Do not smoke as it slows the flow of blood to the kidneys. Smoking also increases the risk of kidney cancer by about 50%.
Do not take over-the-counter pills on a regular basis: drugs like ibuprofen are known to cause kidney damage and disease if taken regularly.

Hand hygiene is the fundamental principle to prevent infection

Health Care Comments Off

Hand hygiene is the fundamental principle to prevent infection. It is also the single most important, simplest, effective and least expensive intervention to prevent and control the spread of infections in hospital and other healthcare settings.

Hands of the healthcare workers are among the most common routes of transmission of pathogens. Lack of or inadequate adherence to hand hygiene means the hands remain contaminated and result in either between-patient or within-patient cross-transmission, occurrence of infection and spread of antimicrobial resistance. It is the transient flora of the hand, which is responsible for cross transmission of pathogens and spread of infection, through contaminated hands. The transient flora is also more amenable to removal by hand hygiene unlike the true resident flora of the hand.

Hand hygiene reduces the risk of healthcare associated infections (HCAIs) and reduces the associated morbidity and mortality.

The WHO has devised ‘My 5 Moments for Hand Hygiene’, which defines the key moments during patient care, when hand hygiene should be done.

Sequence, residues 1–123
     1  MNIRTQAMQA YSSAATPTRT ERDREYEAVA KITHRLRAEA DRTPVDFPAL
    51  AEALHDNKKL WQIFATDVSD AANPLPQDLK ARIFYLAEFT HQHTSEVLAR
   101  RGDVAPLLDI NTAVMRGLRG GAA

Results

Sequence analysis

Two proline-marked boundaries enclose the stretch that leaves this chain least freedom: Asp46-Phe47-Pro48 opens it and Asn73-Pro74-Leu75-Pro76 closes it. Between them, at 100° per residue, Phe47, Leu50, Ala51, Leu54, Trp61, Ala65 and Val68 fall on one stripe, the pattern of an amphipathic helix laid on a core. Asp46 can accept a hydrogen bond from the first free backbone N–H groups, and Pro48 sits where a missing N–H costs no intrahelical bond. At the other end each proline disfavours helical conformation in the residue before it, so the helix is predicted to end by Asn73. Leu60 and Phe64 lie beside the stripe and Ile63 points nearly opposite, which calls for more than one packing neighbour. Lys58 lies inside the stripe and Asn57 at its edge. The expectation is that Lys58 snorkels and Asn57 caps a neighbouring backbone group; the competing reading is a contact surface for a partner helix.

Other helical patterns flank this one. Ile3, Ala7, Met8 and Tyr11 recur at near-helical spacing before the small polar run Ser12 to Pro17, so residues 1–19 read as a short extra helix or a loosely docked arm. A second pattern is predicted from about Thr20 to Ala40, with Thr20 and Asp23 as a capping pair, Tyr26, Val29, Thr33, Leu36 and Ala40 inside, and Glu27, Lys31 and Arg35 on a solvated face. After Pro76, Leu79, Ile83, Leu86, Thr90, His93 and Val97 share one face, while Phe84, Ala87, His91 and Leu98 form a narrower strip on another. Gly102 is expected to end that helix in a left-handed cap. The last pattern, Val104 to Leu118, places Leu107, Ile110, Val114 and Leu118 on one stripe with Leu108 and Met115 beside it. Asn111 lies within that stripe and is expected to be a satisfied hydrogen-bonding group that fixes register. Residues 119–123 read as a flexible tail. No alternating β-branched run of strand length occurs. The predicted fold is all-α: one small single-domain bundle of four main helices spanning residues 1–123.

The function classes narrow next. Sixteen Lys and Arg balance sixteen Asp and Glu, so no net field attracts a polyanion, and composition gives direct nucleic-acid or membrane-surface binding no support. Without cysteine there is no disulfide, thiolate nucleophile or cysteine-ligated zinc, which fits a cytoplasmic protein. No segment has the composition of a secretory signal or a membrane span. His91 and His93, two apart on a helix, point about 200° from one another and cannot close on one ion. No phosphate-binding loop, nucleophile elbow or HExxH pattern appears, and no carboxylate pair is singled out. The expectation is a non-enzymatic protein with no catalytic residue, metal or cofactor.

Before touching a patient
Before clean/aseptic procedures
After body fluid exposure/risk
After touching a patient
After touching patient surroundings
Hand hygiene is handwashing with soap and water or the use of alcohol-based hand disinfection with an alcohol-based hand rub.

Handrubbing with alcohol-based rub is mostly recommended as it is faster and easier and should be done whenever you enter and exit a room and prior to any procedure. Soap and water should be used when hands are visibly dirty or visibly soiled with blood or other body fluids or after using the toilet or if exposure to potential spore-forming pathogens is strongly suspected or proven, including outbreaks of Clostridium difficile. Handwashing with soap and water should also be done in patients with known or suspected norovirus infection. Alcohol does not kill norovirus or the spores of C. difficile.

The WHO recommends that handwashing with soap and water should be done for 15-20 seconds, and hand rubbing with alcohol-based rubs should be done as per the six steps described in its guidelines for about 20 seconds. The Centers for Disease Control and Prevention (CDC) recommends three steps for hand rubbing with alcohol.

It is important to remember that wearing gloves does not preclude the need for hand hygiene by either handrubbing or handwashing.

All this is well-known to us all; nevertheless, let us take a few minutes to reaffirm our commitment to these guidelines, today being World Hand Hygiene Day and adhere to its theme “It’s in your hands – prevent sepsis in health care” in letter and spirit. This is the need of the hour.

Dr KK Aggarwal

Padma Shri AwardeeVice President CMAAOGroup Editor-in-Chief IJCP Publications

President Heart Care Foundation of India

Immediate Past National President IMA